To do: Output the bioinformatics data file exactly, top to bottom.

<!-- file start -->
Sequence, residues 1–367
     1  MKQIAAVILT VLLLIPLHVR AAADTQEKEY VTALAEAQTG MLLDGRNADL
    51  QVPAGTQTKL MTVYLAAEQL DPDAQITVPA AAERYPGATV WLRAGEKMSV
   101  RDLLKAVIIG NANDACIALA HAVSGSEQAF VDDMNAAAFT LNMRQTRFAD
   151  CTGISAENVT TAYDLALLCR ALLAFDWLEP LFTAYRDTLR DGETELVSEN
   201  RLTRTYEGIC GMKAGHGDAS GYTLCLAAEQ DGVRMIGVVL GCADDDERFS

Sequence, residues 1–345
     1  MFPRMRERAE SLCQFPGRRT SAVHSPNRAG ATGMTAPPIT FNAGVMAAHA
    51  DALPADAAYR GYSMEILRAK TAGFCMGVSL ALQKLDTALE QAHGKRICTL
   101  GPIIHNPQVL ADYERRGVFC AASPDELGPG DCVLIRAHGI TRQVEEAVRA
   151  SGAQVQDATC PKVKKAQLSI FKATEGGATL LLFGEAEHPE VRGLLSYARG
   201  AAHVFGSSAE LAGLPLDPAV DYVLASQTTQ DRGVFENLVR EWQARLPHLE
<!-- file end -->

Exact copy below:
Sequence, residues 1–367
     1  MKQIAAVILT VLLLIPLHVR AAADTQEKEY VTALAEAQTG MLLDGRNADL
    51  QVPAGTQTKL MTVYLAAEQL DPDAQITVPA AAERYPGATV WLRAGEKMSV
   101  RDLLKAVIIG NANDACIALA HAVSGSEQAF VDDMNAAAFT LNMRQTRFAD
   151  CTGISAENVT TAYDLALLCR ALLAFDWLEP LFTAYRDTLR DGETELVSEN
   201  RLTRTYEGIC GMKAGHGDAS GYTLCLAAEQ DGVRMIGVVL GCADDDERFS

Sequence, residues 1–345
     1  MFPRMRERAE SLCQFPGRRT SAVHSPNRAG ATGMTAPPIT FNAGVMAAHA
    51  DALPADAAYR GYSMEILRAK TAGFCMGVSL ALQKLDTALE QAHGKRICTL
   101  GPIIHNPQVL ADYERRGVFC AASPDELGPG DCVLIRAHGI TRQVEEAVRA
   151  SGAQVQDATC PKVKKAQLSI FKATEGGATL LLFGEAEHPE VRGLLSYARG
   201  AAHVFGSSAE LAGLPLDPAV DYVLASQTTQ DRGVFENLVR EWQARLPHLE